Proof of Exactly 7 Frieze Pattern Symmetries Background Notes

```Proof of Exactly 7 Frieze Pattern Symmetries
Background Notes
• We adopt a “product notation” to describe the composition of any two or more transformations, so, for example, T H denotes the composition of a translation followed by
a reflection in a horizontal line.
• We adopt the symbol I to denote the identity transformation, that is, the transformation where every point in the image corresponds to the same point in the pre-image.
• We let T denote the minimal translation to the right where the image corresponds to
the pre-image. We let T −1 denote the minimal translation to the left where the image
corresponds to the pre-image.
• By definition, every frieze pattern has at least the following symmetries:
...T −3 , T −2 , T −1 , I, T, T 2 , T 3 , ...
Where T n stands for the composition of n copies of T , while T −n stands for the
composition of n copies of T −1
PROOF
Based on the availability of 4 rigid transformations, any frieze pattern has available only 5
types of transformational symmetry:
T - Translational Symmetry
H - Reflection Symmetry in a Horizontal Line
V - Reflection Symmetry in a Vertical Line
R - 180 Degree Rotational Symmetry
G - Glide Reflection Symmetry
Every frieze pattern, by definition, has translational symmetry (T). So, in theory, there are
24 = 16 possible combinations of the other available symmetries: H, V, R and G. These
combinations are shown the the following table.
1
2
3
4
5
6
7
8
9
10
11
12
13
14
15
16
T
√
√
√
√
√
√
√
√
√
√
√
√
√
√
√
√
H
R
V
G
√
√
√
√
√
√
√
√
√
√
√
√
√
√
√
√
√
√
√
√
√
√
√
√
√
√
√
√
√
√
√
√
Type
T
TH
TR
TV
TG
THR
THV
THG
TRV
TRG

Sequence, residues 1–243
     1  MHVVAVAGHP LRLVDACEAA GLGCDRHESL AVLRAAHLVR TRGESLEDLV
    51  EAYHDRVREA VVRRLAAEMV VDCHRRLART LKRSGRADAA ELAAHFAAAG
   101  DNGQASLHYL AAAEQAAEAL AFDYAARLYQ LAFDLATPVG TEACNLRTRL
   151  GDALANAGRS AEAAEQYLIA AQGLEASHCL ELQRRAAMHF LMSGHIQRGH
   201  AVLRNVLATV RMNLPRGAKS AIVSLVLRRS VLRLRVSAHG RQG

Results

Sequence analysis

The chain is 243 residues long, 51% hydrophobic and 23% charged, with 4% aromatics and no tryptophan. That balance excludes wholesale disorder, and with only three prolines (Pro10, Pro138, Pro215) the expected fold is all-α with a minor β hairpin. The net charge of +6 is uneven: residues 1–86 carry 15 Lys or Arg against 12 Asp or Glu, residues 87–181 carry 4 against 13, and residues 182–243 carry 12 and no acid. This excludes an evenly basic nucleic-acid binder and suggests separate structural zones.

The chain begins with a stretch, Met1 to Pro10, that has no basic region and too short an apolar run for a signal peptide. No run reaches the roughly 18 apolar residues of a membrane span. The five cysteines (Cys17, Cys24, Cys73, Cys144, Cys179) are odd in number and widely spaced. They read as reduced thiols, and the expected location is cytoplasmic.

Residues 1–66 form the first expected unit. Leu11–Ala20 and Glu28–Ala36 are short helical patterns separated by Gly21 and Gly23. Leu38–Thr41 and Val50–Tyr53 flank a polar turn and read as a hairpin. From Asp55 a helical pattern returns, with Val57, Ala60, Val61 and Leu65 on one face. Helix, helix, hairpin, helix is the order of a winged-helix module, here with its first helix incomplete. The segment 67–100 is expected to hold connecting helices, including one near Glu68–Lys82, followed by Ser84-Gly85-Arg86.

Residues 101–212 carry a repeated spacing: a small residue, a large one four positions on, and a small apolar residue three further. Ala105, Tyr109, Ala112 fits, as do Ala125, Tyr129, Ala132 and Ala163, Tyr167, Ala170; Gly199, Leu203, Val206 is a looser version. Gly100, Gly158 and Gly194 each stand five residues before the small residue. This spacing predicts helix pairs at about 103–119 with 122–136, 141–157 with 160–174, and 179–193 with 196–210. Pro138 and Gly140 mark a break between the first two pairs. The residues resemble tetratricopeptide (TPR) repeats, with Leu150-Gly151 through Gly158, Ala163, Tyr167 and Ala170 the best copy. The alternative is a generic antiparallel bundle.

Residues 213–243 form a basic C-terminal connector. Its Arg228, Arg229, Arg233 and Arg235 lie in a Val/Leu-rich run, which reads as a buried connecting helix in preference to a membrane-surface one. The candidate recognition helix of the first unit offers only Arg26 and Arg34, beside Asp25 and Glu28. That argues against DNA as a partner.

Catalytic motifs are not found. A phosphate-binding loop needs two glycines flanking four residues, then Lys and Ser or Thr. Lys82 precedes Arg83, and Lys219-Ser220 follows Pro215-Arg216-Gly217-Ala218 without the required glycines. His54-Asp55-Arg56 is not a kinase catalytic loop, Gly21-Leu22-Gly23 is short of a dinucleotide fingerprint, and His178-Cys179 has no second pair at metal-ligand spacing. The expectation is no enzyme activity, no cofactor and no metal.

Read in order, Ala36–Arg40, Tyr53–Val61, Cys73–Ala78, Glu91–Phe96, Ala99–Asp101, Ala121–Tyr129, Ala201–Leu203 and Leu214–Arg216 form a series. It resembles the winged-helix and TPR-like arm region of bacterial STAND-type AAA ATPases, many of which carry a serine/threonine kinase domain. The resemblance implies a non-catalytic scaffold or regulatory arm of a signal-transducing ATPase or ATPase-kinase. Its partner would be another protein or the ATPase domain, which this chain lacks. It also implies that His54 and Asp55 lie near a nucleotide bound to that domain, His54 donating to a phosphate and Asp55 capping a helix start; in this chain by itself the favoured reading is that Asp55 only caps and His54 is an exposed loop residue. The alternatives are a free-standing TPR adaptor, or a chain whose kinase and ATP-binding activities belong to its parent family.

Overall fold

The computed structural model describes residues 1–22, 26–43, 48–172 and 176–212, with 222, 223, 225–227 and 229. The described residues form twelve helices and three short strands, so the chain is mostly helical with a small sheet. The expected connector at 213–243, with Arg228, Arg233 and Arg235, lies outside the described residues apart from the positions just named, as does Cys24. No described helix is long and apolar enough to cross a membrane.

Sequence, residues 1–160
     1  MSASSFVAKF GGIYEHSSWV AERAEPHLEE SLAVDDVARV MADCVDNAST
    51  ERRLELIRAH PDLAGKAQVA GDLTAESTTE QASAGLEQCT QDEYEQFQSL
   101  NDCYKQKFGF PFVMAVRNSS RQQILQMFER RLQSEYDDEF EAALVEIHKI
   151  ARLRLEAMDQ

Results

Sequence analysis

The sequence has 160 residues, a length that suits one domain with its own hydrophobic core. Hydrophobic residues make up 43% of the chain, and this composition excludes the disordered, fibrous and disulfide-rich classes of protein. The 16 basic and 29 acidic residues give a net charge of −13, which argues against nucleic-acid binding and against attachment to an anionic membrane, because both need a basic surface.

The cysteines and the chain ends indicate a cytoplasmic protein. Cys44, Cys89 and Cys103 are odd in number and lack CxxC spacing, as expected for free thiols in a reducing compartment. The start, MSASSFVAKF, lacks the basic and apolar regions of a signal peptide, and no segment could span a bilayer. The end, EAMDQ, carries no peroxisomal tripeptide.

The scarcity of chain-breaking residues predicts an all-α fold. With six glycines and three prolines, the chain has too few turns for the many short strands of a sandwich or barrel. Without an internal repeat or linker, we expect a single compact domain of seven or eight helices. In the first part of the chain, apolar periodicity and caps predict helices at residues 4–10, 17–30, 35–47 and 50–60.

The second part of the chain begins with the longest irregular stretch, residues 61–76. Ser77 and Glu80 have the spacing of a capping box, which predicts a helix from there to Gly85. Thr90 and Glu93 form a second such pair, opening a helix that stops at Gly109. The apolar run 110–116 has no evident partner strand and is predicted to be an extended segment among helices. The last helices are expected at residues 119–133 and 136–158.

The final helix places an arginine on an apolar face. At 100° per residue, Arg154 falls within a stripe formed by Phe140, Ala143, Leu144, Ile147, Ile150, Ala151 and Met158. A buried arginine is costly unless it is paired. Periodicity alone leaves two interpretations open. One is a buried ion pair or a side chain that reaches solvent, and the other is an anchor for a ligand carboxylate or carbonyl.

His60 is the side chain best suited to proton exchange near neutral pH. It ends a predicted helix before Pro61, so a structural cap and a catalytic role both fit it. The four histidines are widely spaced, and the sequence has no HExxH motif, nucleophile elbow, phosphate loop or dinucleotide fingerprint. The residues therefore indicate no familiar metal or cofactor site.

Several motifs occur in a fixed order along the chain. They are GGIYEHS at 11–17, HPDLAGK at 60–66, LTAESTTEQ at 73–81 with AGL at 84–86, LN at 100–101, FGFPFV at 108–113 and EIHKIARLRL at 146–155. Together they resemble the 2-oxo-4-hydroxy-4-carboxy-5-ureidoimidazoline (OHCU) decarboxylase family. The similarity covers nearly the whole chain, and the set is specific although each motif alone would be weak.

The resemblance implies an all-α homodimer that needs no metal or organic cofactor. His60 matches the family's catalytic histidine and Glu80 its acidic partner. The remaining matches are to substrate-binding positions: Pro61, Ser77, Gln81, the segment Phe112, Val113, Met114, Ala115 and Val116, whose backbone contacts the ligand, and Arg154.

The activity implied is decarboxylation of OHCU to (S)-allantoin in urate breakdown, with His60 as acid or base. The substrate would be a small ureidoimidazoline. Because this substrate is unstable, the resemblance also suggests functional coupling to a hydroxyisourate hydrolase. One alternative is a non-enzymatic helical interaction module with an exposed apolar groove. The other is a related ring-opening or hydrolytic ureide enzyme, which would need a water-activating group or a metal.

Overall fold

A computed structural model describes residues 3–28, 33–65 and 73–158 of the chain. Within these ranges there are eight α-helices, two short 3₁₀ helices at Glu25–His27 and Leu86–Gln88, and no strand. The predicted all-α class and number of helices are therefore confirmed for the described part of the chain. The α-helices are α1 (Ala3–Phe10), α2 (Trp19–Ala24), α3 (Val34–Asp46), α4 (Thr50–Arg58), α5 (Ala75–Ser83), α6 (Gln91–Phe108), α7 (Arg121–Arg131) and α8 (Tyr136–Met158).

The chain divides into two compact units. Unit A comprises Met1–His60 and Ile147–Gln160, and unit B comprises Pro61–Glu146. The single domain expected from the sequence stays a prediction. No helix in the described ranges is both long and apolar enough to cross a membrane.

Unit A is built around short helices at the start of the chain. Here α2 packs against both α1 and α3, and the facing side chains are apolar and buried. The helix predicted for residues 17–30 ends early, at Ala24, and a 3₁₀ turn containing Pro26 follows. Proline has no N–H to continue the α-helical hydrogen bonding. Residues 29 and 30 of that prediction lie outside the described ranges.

TVG
THRV
THRG
THVG
TRVG
THRVG
Of the 16 combinations, 7 can be shown to exist by example.
Type T
Type THG
Type TR
Type TRVG
Type TV
Type THRVG
Type TG
To show that exactly 7 such combinations exist, we must rule out the remaining 9. This
can be accomplished in 5 steps:
1. If both T and H are present, then, G must also be present because T H = HT = G.
That is, the composition of a translation and a horizontal reflection (in either order)
results in a glide-reflection. We can rule out types T H, T HR, and T HRV
2. If both H and V are present, then, R must also be present because V H = HV = R.
That is, the composition of a vertical reflection followed by a horizontal reflection (in
either order) results in a 180 degree rotation about the point that the two lines of
reflection share. We can rule out types T HV and T HV G.
3. If both R and G are present, then, V must be present because:
RGT −1 = (V H)(HT )T −1 = V (HH)(T T −1 ) = V II = V
That is, composing a 180 degree rotation with a glide reflection and a left-ward translation results in a reflection in a vertical line. We can rule out types T RG and T HRG
4. If both V and G are present, then, R must be present because:
V GT −1 = V (HT )T −1 = V H(T T −1 ) = V HI = V H = R
That is, composing vertical reflection with a glide reflection and a left-ward translation
results in a reflection in a 180 degree rotation. We can rule out type T V G.
5. If both R and V are present, then, G must be present because:
T RV = T (HV )V = T H(V V ) = T HI = T H = G
That is, composing a translation and a 180 degree rotation and a reflection in a vertical
line results in a glide-reflection. We can rule out type T RV .
The following table summarizes our result.
1
2
3
4
5
6
7
8
9
10
11
12
13
14
15
16
T H R V
√
√ √
√
√
√
√
√
√ √ √
√ √
√
√ √
√
√ √
√
√
√
√
√ √ √ √
√ √ √
√ √
√
√
√ √
2. SYMMETRY IN GEOMETRY
√ √ √ √
G
Type Constructible?
T
Yes
TH
No (1)
TR
Yes
TV
Yes
√
TG
Yes
THR
No (1)
THV
No (2)
√
THG
Yes
TRV
No (5)
√
TRG
No (3)
√
TVG
No (4)
THRV
No (1)
√
THRG
No (3)
√
THVG
No (2)
√
TRVG
2.4. Crystals, Friezes and Wallpapers Yes
√
THRVG
Yes
The mathematician John Conway — who often has his own spin on certain mathematical theorems and
proofs — has coined his own set of names for the types of frieze patterns.
HOP (none)
JUMP (HG)
SIDLE (V)
SPINNING SIDLE (VRG)
(R)
JUMP (HVRG) mathematician John Conway.
Another representation ofSPINNING
our HOP
result
provided bySPINNING
the famous
STEP (G)
The following diagrams should hopefully explain Conway’s rather strange nomenclature for the frieze
patterns.
4
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